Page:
Do Statins Raise Odds for Type 2 Diabetes?
TUESDAY, Oct. 24, 2017 (HealthDay News) -- Cholesterol-lowering medications known as statins may lower your risk of heart disease, but also might boost the odds you'll develop type 2 diabetes, new research suggests.
"In a group of people at high risk of type 2 diabetes, statins do seem to increase the risk of developing diabetes by about 30 percent," said the study's lead author, Dr. Jill Crandall. She's a professor of medicine and director of the diabetes clinical trials unit at Albert Einstein College of Medicine in New York City.
But, she added, that doesn't mean anyone should give up on statins.
"The benefits of statins in terms of cardiovascular risk are so strong and so well established that our recommendation isn't that people should stop taking statins, but people should be monitored for the development of diabetes while on a statin," she explained.
At least one other diabetes expert agreed that statins are still beneficial for those at risk of heart trouble.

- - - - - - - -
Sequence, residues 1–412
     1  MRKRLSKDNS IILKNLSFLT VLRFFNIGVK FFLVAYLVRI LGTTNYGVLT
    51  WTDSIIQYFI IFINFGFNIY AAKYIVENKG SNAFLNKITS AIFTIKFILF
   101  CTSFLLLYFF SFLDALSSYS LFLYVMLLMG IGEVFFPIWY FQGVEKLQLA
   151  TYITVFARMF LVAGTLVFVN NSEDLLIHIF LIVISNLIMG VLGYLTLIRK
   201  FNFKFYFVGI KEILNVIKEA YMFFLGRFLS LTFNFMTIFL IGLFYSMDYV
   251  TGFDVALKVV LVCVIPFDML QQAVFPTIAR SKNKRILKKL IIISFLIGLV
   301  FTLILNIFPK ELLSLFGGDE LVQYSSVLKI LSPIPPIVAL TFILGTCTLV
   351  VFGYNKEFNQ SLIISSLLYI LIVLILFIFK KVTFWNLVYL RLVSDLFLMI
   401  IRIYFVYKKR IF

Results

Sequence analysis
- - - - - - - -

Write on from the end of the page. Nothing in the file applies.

Dr. Daniel Donovan Jr. is professor of medicine and director of clinical research at the Icahn School of Medicine at Mount Sinai Diabetes, Obesity and Metabolism Institute in New York City.
"We still need to give statins when LDL (bad) cholesterol isn't under control. A statin intervention can lower the risk of a cardiovascular event by 40 percent, and it's possible the diabetes may have been destined to happen," he said.
The new study is an analysis of data collected from another ongoing study. More than 3,200 adults were recruited from 27 diabetes centers across the United States for the study.
The research g Continue reading